Now, according to Roza Otunbaeva -- a former Kyrgyz foreign minister who is now a leader in the opposition Social Democrat Party -- members of President Bakiev's family can be found everywhere in the government.
"Right now, in the [Kyrgyz] White House there are five Bakievs working in the upper echelons of power -- and that is not even mentioning the many relatives [of President Bakiev] who have occupied every floor of the White House," she said.
Maksim Bakiev's appointment means he joins his older brother, who serves in the National Security Service, and uncles in serving the state. President Bakiev's brother Janysh is head of the presidential guard; his brother Marat is Kyrgyzstan's ambassador to Germany; and another brother, Adyl, is an adviser to Kyrgyzstan's ambassador to China. His brother Jusupbek Bakiev died in February 2006, but the month before his death he briefly held, then voluntarily left, the post of deputy executive director of the Agency for Development and Investment -- a role similar to the one Maksim Bakiev now holds.
Sara Wyatt: The rights and prison committee of International PEN will be 50 years old next year, and I would say that during most of this time PEN has been concerned about writers in Iran, be it those detained under the Shah or post revolution.
I would say that during most of its 50 years, International PEN has been concerned about writers in Iran.
And today there are at least eight writers and journalists in prison and many more are on trial or on bail, others have been conditionally released on health and humanitarian grounds. Sometimes they've been in this state of limbo for many, many years with the threat of being re-imprisoned if they once again speak out or commit the original so-called crimes.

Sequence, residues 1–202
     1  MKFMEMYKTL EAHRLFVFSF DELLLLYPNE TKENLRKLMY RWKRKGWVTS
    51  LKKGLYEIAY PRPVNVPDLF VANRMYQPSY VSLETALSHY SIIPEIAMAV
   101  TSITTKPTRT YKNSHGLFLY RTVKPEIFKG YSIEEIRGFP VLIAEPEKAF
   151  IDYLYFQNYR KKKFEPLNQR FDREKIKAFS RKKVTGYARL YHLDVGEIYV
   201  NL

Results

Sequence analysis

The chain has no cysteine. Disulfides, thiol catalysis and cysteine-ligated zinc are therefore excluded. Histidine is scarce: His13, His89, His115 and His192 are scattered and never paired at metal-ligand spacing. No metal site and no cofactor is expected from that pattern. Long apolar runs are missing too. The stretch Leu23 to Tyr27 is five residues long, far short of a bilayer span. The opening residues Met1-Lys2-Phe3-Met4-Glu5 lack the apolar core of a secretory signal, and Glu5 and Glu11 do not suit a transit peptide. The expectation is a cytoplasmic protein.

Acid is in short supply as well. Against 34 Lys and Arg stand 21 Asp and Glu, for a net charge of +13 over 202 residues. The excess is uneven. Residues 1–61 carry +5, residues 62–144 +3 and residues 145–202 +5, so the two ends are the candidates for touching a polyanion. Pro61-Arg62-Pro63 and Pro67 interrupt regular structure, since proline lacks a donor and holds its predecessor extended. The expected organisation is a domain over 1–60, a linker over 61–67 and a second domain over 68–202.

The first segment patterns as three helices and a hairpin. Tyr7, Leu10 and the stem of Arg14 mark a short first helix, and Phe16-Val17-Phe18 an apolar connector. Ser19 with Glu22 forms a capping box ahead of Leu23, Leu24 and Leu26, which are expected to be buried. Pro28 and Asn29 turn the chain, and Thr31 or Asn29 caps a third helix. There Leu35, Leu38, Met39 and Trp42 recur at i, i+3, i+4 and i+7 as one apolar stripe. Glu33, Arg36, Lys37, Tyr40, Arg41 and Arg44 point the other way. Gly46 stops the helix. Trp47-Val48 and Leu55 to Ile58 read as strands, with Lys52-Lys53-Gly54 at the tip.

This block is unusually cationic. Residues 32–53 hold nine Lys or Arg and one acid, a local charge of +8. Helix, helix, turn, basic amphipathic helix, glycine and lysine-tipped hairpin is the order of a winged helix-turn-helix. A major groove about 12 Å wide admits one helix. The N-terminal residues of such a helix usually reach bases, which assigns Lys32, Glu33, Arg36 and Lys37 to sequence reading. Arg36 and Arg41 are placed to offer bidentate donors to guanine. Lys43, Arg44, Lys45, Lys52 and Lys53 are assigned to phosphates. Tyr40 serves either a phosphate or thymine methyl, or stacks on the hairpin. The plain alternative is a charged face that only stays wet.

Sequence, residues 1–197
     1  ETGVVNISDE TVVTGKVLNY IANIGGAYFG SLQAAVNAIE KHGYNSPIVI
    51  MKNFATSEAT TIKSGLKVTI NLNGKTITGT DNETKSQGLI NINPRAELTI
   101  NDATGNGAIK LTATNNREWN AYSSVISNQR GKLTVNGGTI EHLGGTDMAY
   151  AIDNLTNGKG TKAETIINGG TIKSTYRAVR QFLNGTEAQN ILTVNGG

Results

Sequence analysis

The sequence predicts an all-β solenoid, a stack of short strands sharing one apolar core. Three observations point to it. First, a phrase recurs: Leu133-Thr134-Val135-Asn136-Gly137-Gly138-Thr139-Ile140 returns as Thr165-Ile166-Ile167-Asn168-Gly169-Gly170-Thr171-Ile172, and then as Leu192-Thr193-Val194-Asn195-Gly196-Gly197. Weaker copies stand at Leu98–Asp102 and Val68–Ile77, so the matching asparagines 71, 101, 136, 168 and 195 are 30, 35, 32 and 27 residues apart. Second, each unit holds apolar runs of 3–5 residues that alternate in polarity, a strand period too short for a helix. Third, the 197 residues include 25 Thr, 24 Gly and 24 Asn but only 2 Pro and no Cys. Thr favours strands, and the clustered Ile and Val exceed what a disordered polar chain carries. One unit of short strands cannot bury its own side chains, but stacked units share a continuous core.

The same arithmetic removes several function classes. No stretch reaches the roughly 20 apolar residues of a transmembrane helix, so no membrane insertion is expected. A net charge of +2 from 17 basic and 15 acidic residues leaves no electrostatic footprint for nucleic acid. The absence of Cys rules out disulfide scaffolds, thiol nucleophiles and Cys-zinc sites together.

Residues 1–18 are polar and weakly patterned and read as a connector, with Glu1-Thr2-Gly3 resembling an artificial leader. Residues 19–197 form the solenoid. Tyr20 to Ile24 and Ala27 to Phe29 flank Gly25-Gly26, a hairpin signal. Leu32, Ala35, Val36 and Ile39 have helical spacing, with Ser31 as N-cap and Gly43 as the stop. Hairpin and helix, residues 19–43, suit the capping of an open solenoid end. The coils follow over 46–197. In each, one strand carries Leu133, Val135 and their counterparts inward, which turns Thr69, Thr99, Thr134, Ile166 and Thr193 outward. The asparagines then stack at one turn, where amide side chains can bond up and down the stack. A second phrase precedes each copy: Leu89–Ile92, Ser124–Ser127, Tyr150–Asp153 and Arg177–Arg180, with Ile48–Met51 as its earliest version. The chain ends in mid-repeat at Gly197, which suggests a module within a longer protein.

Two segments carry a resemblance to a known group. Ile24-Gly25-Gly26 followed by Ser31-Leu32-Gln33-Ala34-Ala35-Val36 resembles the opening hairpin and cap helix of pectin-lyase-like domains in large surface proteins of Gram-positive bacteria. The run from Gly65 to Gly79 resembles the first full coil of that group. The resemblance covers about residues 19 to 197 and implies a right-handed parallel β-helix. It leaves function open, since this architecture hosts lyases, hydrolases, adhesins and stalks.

Could you tell us more about the Iranian writer you are focusing on this November?
Wyatt: One of the five cases that we're looking at this year is that of Maziar Bahari, an Iranian writer who was among the 100 who were arrested in June this year for their involvement in the demonstrations, protesting the outcome of the presidential election. He's relatively lucky because he was actually freed last month on an enormous bail of 300,000 pounds and has been allowed to leave the country pending trial to be present at the birth of his child.
The situation in Russia is, quite frankly, appalling. In the last 12 months...there have been seven writers and journalists murdered in Russia.
But others have not been so lucky; and there have been a series of unfair trials in recent weeks, some of which have resulted in huge sentences, among them is the Iranian-American scholar Kian Tajbakhsh, who got 12 years in prison. We're deeply concerned about that.
RFE/RL: And could you tell us about the Russian author you are highlighting this year and something about the climate for writers and journalists in Russia today?
Wyatt: The situation in Russia is, quite frankly, appalling. In the last 12 months since we last commemorated writers under attack in 2008, there have been seven writers and journalists murdered in Russia, which is an appalling statistic -- the highest number of the total 35 cases that we've been monitoring.
Natalya Estemirova was one of the most appalling incidents. She was a human rights defender, she was also a writer and journalist covering human rights abuses in Chechnya. She was abducted in July this year. and her body was found soon after badly treated -- she'd been executed. She'd been a critic of the Chechen President [Ramzan] Kadyrov. He had actually on a number of occasions been threatening to her and so fingers are being pointed at his complicity in it.